Euxoa macleani McDunnough, 1927




Euxoa macleani is a small to medium-sized alpine Euxoa (FW length 12–16 mm) with uniform gray forewings with black transverse lines. The ground color is usually even medium-dark gray, sometimes slightly tinted with brown. The basal, antemedial, medial, and postmedial lines are similar, simple, dark gray to black. The basal and antemedial are transversely oriented and drawn toward the base on the veins. The median line is often as dark as the other lines but more diffuse, often weakly scalloped. The postmedial line is sharply toothed on the veins, drawn toward the base on the costa, bluntly curved around the reniform spot, and strongly angled toward the base below the spot. The subterminal line is a faint series of ill-defined pale marks, preceded by a more prominent gray shade or series of ill-defined spots. The basal line is variable, usually a series of black spots. The orbicular spot is usually absent, uncommonly a small incomplete oval filled with the ground color. The reniform spot is also inconspicuous, usually a few pale scales surrounding a dark lunule. The claviform spot is absent. The hindwing is dark gray with barely darker discal spot and a solid white fringe. The head and thorax match the wing color. The male antenna is  Euxoa macleani is a member of the subgenus Pleonectopoda. This subgenus is characterized by a subbasal coil or twist of the male vesica, only evident when the vesica is everted during dissection.

This species can usually be recognized by its relatively small size, plain gray color, and limited black transverse markings. It is similar to Euxoa apopsis, a recently described alpine species that has small eyes (when viewed from the front). The eyes of E. macleani are larger and hemispherical, like those of most other nocturnal moths. Euxoa comosa, a common, widespread, and variable species, can be very similar to E. macleani, especially in the northwestern Cascades. At Artists Point near Mt. Baker in Washington these species can only be reliably differentiated without resorting to dissection by the hindwing fringe. It has an inner dark band in E. comosa but not in E. macleani. Uniform gray specimens of Euxoa vallus, another alpine moth, are also similar to E. macleani. This species is larger, more blue-gray with yellow patches, and usually lacks the three similar black lines across the median wing that are typical of E. macleani.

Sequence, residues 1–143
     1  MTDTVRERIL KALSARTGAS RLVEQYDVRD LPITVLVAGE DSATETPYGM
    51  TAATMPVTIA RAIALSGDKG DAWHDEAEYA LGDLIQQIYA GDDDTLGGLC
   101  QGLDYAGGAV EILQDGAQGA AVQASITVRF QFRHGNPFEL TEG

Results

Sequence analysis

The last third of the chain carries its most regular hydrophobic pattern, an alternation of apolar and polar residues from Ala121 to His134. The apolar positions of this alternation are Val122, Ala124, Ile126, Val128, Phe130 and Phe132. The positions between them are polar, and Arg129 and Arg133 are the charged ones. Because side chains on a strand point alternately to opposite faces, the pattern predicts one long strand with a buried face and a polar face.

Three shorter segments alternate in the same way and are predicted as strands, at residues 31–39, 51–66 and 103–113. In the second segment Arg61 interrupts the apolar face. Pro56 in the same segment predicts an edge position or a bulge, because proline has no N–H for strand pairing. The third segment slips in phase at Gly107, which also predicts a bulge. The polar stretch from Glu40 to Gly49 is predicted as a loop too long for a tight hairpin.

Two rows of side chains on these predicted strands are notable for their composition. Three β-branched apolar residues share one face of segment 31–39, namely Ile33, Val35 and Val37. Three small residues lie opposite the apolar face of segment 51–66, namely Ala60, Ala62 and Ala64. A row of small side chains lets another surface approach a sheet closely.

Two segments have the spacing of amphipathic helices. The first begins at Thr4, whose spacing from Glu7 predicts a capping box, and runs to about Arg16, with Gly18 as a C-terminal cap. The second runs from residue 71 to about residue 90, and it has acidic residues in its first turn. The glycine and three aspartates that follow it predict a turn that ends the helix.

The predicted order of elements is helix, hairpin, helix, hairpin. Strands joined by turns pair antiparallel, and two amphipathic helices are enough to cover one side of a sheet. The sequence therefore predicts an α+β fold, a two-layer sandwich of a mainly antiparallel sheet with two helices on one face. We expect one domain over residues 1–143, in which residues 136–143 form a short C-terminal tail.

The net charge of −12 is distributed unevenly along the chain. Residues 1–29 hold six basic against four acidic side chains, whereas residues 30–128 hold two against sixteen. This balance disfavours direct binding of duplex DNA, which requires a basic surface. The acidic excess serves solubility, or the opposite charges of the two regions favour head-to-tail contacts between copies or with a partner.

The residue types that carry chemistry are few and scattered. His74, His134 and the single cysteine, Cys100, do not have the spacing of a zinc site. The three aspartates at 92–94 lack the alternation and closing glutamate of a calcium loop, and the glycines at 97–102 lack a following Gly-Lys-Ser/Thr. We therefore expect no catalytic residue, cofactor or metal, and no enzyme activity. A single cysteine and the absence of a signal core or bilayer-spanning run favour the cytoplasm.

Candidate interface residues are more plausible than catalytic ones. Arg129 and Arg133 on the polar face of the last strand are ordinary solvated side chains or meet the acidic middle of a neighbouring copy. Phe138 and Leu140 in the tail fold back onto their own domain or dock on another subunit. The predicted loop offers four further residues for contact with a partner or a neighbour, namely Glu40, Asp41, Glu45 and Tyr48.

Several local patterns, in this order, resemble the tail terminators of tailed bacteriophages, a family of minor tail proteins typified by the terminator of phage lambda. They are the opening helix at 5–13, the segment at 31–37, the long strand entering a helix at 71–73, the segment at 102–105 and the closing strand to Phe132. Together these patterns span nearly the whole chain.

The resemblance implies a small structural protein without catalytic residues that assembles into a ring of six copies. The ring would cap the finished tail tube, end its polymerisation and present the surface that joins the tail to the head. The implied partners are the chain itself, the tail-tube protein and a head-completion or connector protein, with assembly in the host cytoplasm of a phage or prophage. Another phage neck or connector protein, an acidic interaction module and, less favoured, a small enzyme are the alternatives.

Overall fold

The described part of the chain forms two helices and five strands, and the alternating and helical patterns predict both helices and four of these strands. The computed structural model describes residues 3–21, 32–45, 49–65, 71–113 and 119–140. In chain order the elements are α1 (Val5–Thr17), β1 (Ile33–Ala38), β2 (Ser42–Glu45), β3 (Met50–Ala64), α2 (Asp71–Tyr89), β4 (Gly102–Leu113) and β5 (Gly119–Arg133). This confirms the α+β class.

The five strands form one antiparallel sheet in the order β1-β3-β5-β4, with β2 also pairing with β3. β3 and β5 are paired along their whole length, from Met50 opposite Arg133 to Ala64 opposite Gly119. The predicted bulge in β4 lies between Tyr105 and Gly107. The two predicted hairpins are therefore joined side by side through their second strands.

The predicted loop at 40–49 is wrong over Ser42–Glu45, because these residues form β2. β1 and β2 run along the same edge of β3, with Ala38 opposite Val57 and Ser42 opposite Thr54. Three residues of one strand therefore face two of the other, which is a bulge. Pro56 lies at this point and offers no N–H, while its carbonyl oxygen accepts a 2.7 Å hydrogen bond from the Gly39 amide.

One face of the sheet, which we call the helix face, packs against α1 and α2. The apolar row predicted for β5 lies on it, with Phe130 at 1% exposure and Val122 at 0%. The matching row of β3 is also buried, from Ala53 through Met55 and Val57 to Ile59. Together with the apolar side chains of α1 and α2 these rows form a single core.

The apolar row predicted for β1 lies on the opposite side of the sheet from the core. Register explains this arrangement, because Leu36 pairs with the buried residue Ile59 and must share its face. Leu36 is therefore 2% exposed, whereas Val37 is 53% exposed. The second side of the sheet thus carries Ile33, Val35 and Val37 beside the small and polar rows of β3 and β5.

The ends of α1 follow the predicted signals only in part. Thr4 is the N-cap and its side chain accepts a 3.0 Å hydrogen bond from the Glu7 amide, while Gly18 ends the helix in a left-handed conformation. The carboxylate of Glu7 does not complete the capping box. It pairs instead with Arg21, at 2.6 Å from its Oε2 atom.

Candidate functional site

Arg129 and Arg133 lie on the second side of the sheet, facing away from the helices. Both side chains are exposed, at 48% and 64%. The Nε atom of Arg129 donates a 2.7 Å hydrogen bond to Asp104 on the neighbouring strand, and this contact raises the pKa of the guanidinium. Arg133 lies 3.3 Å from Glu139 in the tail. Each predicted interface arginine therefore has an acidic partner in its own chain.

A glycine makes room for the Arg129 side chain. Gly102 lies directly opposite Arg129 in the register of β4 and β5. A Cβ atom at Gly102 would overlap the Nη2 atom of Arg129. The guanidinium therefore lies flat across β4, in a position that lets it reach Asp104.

The type locality of Euxoa macleani McDunnough is Mt. McLean, British Columbia.

Euxoa is a very large genus with many similar species, many of which are also quite variable. The genus is defined by a saccular extension of the valves in males and sclerotized plates on the dorsal and ventral ductus bursae in females. The genus was revised by Lafontaine (1987) in the Moths of North America series and is divided into eight subgenera based on structural characters. These moths are amongst the most difficult to identify. Even though the forewing color and strength of various markings can vary significantly in some of the species, the shape of the lines and spots and the color of the hindwings (often different in the sexes) are more constant. The habitat and flight period are also important in helping to narrow the possibilities.


The early stages are unknown.


This species is restricted to rocky alpine tundra at high elevations near or above timberline.


Pacific Northwest

Euxoa macleani occurs in the Coast Range of south-western British Columbia and the northern Cascade Range as far south as Okanogan County, Washington. This species was thought to be very rare at the time of the MONA fascicle (Lafontaine 1987). It is now known to be moderately common in the proper alpine environment.


This species is Pacific Northwest endemic species. In 1987 at the time of the Euxoa MONA fascicle a population of similar moths from northern Quebec were considered to be a subspecies of E. macleani. They are now recognized as a distinct species, Euxoa chimoensis.

Life History


No information is presently available regarding larval foodplants of this species, but it is probably a soil-surface feeding cutworm that feeds on herbaceous vegetation based on related species.


The adults fly in the summer several weeks after the snowmelt. The Pacific Northwest records are from late July and August. It is nocturnal and comes to light, although a few specimens have been collected while seeking nectar at moss campion (Silene acaulis) during the day.

Economic Importance



Lafontaine (1987)

Moth Photographers Group